He formulated a plan that might have worked if the terrain itself weren’t against him. Gibbon’s two brigades were ordered to come up through the town and take up the Union right flank facing the heights. To his left was Newton just above Fredericksburg, and to his left were Albion Howe along Hazel Run and Deep Run, and then William T.H. Brooks to take up the far left to guard over Franklin’s Crossing. In all, the Washington Artillery would have a four-mile front line to contend with. Sedgwick told Newton to demonstrate in the middle while Gibbon and Howe would flank the heights and overtake them. An impassible millrace stalled Gibbon and the turn of Hazel Run prevented Howe from crossing safely. Early’s cannon blasted into the approaching Federals and they had to fall back as an artillery duel opened up to the south along the Bowling Green Road where Brooks had been placed.
Early sent for reinforcements and were given Harry Hays’ Louisiana Brigade, along with Cadmus Wilcox’s 10th Alabama regiment to help the main effort in Fredericksburg. These additions boosted his numbers to 12,000, but they were outnumbered 2 to 1 by Sedgwick’s 27,000. It didn’t help that the seven-mile defense of the Rebels was only one line deep in most places, making the battlefront spread thin. And Sedgwick knew it.
His new plan was to punch straight through Marye’s Heights. Ten brigades were formed into two narrow columns and one wide column to smash through the meager five regiments holding the high ground. To the Union left, Howe gathered his own nine brigades in three lines to converge on the Confederate flank. The charge would be done double-quick and with bayonets fixed. Artillery fired into the advancing columns, but the infantry behind the notorious stone wall – the unobtained prize of last December – weren’t given the order to fire until the Federals were within 40 yards.
The charge was stopped and repulsed. Though efforts were made to reinvigorate it, they proved useless as they had five months before. One soldier, Morton Hayward sums up the attitude of the soldier in his account as he braved the charge upon Marye’s Heights in the Second Battle of Fredericksburg.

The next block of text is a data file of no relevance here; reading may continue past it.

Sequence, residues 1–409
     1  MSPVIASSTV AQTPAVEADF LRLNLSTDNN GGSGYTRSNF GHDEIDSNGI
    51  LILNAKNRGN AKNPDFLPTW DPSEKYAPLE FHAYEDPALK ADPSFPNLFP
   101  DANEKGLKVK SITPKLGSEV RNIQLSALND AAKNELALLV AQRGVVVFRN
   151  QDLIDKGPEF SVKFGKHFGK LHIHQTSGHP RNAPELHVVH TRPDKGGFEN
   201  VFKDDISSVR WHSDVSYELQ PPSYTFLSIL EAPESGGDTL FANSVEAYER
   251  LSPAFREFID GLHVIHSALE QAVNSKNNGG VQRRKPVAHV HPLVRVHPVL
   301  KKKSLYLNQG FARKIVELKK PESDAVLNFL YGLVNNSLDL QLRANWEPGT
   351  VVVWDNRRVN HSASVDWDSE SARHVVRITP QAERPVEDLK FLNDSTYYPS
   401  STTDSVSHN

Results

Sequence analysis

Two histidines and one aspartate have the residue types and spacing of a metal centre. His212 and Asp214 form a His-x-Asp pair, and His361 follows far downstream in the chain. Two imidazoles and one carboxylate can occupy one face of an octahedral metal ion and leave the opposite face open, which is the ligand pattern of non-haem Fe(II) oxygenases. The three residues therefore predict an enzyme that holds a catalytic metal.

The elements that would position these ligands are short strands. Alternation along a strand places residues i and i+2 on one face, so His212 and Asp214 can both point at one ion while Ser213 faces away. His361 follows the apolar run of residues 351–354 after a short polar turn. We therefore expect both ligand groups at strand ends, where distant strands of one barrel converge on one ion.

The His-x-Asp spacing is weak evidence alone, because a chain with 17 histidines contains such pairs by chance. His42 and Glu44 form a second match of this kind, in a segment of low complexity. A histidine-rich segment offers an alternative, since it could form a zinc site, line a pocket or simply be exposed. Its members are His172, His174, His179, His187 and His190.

“One man was killed right by my side and several wounded. But one does not seem to think anything of it while in action. You have something else to take up your mind with the bullets whistling by your ears and the shell with awful shriek rushing through the air. It is true that I felt kind of a queer feeling steal over me when I knew that I had got to go where the Angel of death would be fast thrusting in his sickle but no sooner were we engaged than this feeling vanished and I had no more thought of being suddenly struck down by the shower of bullets that went hissing on all sides of me. The enemy were giving vent to their yells and we were yelling back to them in earnest loading and firing till it become our destiny to be killed or wounded everything is all excitement the men dropping by your side telling you in their last gasp to give it to them boys don’t spare the pills the enemy advancing or retreating the shouts of the foe the cryes of the wounded and the roar of the artillery and rattle of muskets all combined together do not give one chance to take a sober thought of anything. I was more afraid of being hit when I left the rank than anytime before for when I was firing I did not notice much about the balls but when you see them go zipping into the dirt beside you begin to think that before you get out of range that some stray ball may overtake you and that is not very pleasant to think of getting hit in the back.”